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Re: insulation testing
Original poster: "Jim Lux by way of Terry Fritz <twftesla-at-qwest-dot-net>" <jimlux-at-earthlink-dot-net>
If you want a fancier way, drive the AC output of a NST (with variac)
through a moderate resistor ( a few K), and capacitively couple to an
oscilloscope through a smallish capacitor (say, .001 uF?)... As you bring
the voltage up, you'll start to see the high frequency "hash" from the
For what it's worth, this is basically how partial discharge test sets
work... They put the excitation voltage (low voltage side) on X, and the
coupled off signal on Y, and you get an ellipse (the cap provides some phase
shift, eh?)... The position of the hash on the ellipse does provide some
information. You can also clearly see any polarity sensitivity with this
sort of test setup.
----- Original Message -----
From: "Tesla list" <tesla-at-pupman-dot-com>
Sent: Sunday, March 31, 2002 7:21 PM
Subject: Re: insulation testing
> Original poster: "Sundog by way of Terry Fritz <twftesla-at-qwest-dot-net>"
> Hi All,
> For basic insulation testing, I use a NST and a full-wave rectifier. I
> submerge the part to be tested (say a loop of enameled magnet wire) in a
> bath and put the negative lead of the FWR in the bath, and the positive to
> the item to be tested. Then I bring up the voltage with a variac and
> the amp-clamp on the NST primary. When the current spikes, that usually
> means it's broken through the insulation. This is a pretty basic and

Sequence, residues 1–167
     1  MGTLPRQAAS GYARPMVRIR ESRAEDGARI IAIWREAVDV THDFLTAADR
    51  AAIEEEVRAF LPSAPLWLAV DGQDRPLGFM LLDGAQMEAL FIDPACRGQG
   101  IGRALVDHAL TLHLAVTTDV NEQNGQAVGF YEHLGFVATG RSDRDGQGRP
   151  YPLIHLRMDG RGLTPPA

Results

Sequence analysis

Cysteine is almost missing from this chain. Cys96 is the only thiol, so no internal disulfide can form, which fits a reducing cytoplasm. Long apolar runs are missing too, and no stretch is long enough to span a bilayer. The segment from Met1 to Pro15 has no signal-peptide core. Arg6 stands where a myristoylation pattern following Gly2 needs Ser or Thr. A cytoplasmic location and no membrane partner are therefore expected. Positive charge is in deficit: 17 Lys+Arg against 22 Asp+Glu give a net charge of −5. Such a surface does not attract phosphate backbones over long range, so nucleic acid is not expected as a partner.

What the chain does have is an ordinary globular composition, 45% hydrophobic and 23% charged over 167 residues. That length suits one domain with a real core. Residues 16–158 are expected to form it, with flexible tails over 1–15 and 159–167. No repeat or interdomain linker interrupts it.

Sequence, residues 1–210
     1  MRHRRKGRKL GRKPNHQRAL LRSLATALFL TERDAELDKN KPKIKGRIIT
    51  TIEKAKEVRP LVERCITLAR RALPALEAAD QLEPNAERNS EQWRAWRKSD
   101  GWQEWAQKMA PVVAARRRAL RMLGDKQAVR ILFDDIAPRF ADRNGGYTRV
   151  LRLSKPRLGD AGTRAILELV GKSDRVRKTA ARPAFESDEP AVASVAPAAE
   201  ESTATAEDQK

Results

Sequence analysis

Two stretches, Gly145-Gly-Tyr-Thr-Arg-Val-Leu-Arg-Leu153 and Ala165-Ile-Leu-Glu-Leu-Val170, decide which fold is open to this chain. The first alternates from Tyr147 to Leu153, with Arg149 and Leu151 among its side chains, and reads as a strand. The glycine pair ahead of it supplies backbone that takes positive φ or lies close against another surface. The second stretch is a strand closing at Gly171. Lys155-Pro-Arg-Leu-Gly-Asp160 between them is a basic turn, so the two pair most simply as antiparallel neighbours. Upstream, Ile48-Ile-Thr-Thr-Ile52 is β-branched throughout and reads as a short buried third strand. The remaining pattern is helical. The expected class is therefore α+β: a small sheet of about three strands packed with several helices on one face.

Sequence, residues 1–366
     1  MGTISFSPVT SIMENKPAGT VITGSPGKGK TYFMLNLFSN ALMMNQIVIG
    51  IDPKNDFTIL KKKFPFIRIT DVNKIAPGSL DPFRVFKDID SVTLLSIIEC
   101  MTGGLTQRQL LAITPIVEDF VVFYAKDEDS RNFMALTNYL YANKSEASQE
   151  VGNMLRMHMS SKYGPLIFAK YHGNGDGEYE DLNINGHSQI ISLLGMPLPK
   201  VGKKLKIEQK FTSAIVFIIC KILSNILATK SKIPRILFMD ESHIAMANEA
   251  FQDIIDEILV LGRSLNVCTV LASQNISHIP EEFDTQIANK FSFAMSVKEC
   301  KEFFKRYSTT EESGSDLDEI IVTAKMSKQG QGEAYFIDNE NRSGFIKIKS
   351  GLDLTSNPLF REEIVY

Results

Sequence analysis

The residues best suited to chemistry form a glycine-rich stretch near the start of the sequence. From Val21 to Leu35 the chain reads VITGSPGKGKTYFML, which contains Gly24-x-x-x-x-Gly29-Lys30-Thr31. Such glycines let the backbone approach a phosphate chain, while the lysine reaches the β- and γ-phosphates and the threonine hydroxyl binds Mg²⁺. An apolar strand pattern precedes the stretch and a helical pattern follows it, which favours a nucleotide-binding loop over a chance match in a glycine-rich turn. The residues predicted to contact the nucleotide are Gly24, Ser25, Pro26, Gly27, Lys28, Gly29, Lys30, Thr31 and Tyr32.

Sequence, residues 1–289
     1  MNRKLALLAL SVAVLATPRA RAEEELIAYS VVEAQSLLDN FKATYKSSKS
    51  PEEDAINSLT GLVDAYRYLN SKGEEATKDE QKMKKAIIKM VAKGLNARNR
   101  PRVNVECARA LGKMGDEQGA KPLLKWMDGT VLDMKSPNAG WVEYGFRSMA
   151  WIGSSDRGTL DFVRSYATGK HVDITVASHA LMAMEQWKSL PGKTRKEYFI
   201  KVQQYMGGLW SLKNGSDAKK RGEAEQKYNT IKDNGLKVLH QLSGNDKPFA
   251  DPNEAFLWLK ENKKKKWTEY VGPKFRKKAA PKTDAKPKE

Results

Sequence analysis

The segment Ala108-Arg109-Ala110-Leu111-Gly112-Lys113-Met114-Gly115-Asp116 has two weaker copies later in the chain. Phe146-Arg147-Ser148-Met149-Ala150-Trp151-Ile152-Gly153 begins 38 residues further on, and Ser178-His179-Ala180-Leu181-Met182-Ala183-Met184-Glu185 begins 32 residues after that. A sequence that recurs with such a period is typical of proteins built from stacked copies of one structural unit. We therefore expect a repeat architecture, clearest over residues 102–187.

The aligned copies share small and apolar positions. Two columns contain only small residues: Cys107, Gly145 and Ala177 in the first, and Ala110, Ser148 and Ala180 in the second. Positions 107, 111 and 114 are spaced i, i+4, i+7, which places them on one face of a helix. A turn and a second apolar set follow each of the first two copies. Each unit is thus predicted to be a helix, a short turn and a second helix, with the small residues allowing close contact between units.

> test, but it works for me.
> Shad G2-1203
> At 12:11 PM 3/30/02 -0700, you wrote:
> >Original poster: "PotLuck by way of Terry Fritz <twftesla-at-qwest-dot-net>"
> >Hi List,
> >Has anyone done home insulation testing? I'm primarily interested in
> >material will "hold off" a certain voltage or not. I see on the net in
> >commercial testing such tests for power factor tests, power losses and
> >monitoring of currents in the uA area. These of course are important
> >of a material but may be a little too in-depth for home testing and the
> >properties I'm looking for.
> >The voltages I'm interested in looking at are in the range of ~7.5Kv at
> >not in the RF range inherent in normal tesla coil operations.
> >Any suggestions as to an "apparatus" that can be made easily? I have
> >NSTs, variacs and transformer oil at hand along with a scope and several
> >Simply using a two electrodes with the material in question placed
> >(not under oil) sometimes produced a purple haze or what appears to be a
> >corona. Allowing the test to run for several minutes with the corona
> >appear to form any holes in the material, not by the naked eye anyway,
> >there was no burning. I've looked at mylar, polypropylene and HDPE.
> >Mylar film (adhesive backed) from McMaster-Carr has a dielectric strength
> >at 7500 V/mil. with 4mils placed between the electrodes "corona"
> >about 4000 volts but no damage to the mylar was apparent. Again this was
> >under oil.
> >But what is it I'm looking for? Lack of corona? Corona can't be good.
> >I'm relatively new to the high voltage arena so and advice in this area
> >be greatly appreciated since insulation is a big part of coiling.
> >Thanks in advance! :)
> >Rick W.